European Meltdown: What's Next?

(Written by Rebecca Lipman. List compiled by Eben Esterhuizen, CFALFCF data sourced from Yahoo! Finance.)

Greek Prime Minister George Papandreou called for a referendum on the country’s latest bailout, a deal which would have significantly reduced his country’s debt burden in return for cuts in government spending. The Wall Street Journal calls the decision a “high stake gamble that could undermine the international effort to preserve the euro.”

Last Thursday the world applauded the EU leaders’ comprehensive plan to take on the debt crisis. The plan focused on recapitalizing banks, offered a 50% haircut for private Greek debtholders and leveraged the European Financial Stability Fund to 1 trillion euros. Markets rallied – sure there were sceptics – but things were finally looking up for the EU sovereign debt crisis.

Papandreou’s decision has thrown all of that optimism to the wind. Markets are just as confused if not more so in the aftermath of the announcement than before a plan was ever devised. What are the risks? What is the likely outcome? The kicker, of course, is that the government expects to hold the referendum in January, putting international markets in 2 months of suspense.

According to the Wall Street Journal, “A ‘yes’ vote in the referendum could deflate the massive street protests and strikes that threaten to paralyze Greece as it tries to enact a brutal austerity program to earn rescue loans from the euro zone and the International Monetary Fund. A ‘no’ vote, however, could bring down the government and cut off international funding for Greece, leaving the country facing a financial meltdown.”

CNBC reports stocks in major euro zone banks are showing double-digit losses after the Greek Prime Minister George Papandreou called for a referendum. The Prime Minister expects the country’s political forces and citizens to use good judgment and support the bill once they are fully informed.

Investing Ideas

So, how long will it be before European leaders get their act together? And more importantly, which European stocks should be on your radar over the coming weeks?

To help you explore the topic, we collected data on levered free cash flows, and identified the European companies that are trading at the steepest discounts relative to enterprise value.

Most of these stocks have been dragged down by the crisis in Europe, and now trade at attractive valuations. Should any of these names be on your watch list?

Use this list as a starting point for your own analysis.

analyse These Ideas (Tools Will Open In A New Window)

1. Access a thorough description of all companies mentioned
2. Compare analyst ratings for all stocks mentioned below
3. visualise annual returns for all stocks mentioned

1. ASM International NV (ASMI): Engages in researching, developing, manufacturing, marketing, and servicing equipment and materials used to produce semiconductor devices. Incorporated in the Netherlands. Levered free cash flow at $209.09M vs. enterprise value at $1.41B (implies a LFCF/EV ratio at 14.83%).

2. AstraZeneca PLC (AZN): Develops, and commercializes prescription medicines for cardiovascular, gastrointestinal, infection, neuroscience, oncology, and respiratory and inflammation diseases worldwide. Incorporated in the United Kingdom. Levered free cash flow at $7.14B vs. enterprise value at $66.59B (implies a LFCF/EV ratio at 10.72%).

3. LM Ericsson Telephone Co. (ERIC): Provides communications equipment, professional services, and multimedia solutions to mobile and fixed networks operators worldwide. Incorporated in Sweden. Levered free cash flow at $2.80B vs. enterprise value at $27.78B (implies a LFCF/EV ratio at 10.08%).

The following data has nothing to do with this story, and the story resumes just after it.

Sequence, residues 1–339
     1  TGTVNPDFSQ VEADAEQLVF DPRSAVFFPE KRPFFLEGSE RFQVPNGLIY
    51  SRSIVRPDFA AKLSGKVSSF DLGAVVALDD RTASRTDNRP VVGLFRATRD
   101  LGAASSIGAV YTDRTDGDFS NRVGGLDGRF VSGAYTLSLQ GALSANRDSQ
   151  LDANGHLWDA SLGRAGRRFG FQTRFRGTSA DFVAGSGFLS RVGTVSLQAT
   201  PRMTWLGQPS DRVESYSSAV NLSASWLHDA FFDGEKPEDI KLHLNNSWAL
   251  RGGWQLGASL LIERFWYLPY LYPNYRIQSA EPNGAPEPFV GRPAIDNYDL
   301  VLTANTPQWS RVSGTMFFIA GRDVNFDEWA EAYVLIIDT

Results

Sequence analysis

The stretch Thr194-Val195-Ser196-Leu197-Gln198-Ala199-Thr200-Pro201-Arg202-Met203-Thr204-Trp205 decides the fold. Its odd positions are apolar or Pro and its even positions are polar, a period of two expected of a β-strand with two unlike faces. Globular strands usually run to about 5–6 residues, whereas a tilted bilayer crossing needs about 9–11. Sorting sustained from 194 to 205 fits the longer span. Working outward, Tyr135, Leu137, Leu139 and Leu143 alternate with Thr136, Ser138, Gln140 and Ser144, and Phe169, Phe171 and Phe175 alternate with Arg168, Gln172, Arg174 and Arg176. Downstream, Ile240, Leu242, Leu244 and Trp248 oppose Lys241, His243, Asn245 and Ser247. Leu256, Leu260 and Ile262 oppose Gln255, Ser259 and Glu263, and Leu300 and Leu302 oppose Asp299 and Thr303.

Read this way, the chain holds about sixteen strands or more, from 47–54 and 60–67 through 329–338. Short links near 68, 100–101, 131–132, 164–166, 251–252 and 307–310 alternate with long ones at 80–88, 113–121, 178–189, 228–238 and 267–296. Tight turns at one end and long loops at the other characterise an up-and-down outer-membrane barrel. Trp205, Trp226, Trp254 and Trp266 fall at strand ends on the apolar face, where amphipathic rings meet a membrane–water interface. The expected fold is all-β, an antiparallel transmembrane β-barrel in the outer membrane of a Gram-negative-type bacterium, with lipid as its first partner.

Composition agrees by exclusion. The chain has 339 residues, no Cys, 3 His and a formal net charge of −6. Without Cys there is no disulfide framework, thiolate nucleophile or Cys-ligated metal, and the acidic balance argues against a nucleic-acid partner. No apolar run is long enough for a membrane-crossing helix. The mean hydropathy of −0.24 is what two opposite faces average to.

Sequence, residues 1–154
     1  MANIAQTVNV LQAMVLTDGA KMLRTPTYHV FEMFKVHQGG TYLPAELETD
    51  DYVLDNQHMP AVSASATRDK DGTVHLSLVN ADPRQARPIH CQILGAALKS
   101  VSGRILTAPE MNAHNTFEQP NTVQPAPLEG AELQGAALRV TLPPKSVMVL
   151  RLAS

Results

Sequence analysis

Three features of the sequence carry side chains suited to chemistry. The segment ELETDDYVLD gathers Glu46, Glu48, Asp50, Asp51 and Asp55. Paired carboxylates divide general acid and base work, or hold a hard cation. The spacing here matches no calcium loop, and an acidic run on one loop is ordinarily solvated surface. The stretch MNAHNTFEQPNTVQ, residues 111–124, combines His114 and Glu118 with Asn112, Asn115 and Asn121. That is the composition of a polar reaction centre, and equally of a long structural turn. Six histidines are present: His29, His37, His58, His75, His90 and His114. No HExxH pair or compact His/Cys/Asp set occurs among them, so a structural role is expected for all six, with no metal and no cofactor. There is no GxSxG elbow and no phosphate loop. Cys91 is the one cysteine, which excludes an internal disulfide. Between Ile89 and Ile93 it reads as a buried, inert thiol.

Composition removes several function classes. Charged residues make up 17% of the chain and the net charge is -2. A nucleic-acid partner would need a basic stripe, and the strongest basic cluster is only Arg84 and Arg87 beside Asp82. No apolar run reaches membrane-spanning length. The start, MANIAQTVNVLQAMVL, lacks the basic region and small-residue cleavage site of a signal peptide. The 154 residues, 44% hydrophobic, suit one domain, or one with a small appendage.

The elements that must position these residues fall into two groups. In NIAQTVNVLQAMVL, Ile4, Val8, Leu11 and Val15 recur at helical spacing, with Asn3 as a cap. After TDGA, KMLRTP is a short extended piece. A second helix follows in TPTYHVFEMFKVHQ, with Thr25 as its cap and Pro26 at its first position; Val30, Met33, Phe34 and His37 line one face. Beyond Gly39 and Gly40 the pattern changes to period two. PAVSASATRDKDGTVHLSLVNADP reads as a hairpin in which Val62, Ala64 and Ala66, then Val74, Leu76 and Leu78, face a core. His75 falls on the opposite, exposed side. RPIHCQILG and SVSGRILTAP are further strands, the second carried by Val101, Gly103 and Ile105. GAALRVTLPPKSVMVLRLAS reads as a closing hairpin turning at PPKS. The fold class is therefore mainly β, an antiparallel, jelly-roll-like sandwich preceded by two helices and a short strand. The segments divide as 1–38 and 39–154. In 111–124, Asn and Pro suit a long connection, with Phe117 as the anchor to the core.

4. Excel Maritime Carriers, Ltd. (EXM): Provides sea borne dry bulk cargo transportation services worldwide. Incorporated in Greece. Levered free cash flow at $281.21M vs. enterprise value at $1.26B (implies a LFCF/EV ratio at 22.32%).

5. France Telecom (FTE): Provides fixed telephony and mobile telecommunications, data transmission, Internet and multimedia, and other value-added services to consumers, businesses, and telecommunications operators. Incorporated in France. Levered free cash flow at $9.46B vs. enterprise value at $92.35B (implies a LFCF/EV ratio at 10.24%).

6. Foster Wheeler AG (FWLT): Provides construction and engineering services to oil and gas, oil refining, chemical/petrochemical, pharmaceutical, environmental, power generation, and power plant operation and maintenance industries worldwide. Incorporated in Switzerland. Levered free cash flow at $239.03M vs. enterprise value at $1.82B (implies a LFCF/EV ratio at 13.13%).

7. Nokia Corporation (NOK): Provides Internet and digital mapping and navigation services worldwide. Incorporated in Finland. Levered free cash flow at $3.67B vs. enterprise value at $18.98B (implies a LFCF/EV ratio at 19.34%).

8. OceanFreight, Inc. (OCNF): Provides shipping transportation services. Incorporated in Greece. Levered free cash flow at $26.43M vs. enterprise value at $246.23M (implies a LFCF/EV ratio at 10.73%).

9. Statoil ASA (STO): Engages in the exploration, production, transportation, refining, and marketing of petroleum and petroleum-derived products. Incorporated in Norway. Levered free cash flow at $18.43B vs. enterprise value at $89.37B (implies a LFCF/EV ratio at 20.62%).

10. Xyratex Ltd. (XRTX): Provides modular enterprise-class data storage solutions and storage process technology. Incorporated in the United Kingdom. Levered free cash flow at $63.68M vs. enterprise value at $259.12M (implies a LFCF/EV ratio at 24.58%).

Interactive Chart: Press Play to see how analyst ratings have changed for the stocks mentioned above. Analyst ratings sourced from Zacks Investment Research.


NOW WATCH: Briefing videos

Business Insider Emails & Alerts

Site highlights each day to your inbox.

Follow Business Insider Australia on Facebook, Twitter, LinkedIn, and Instagram.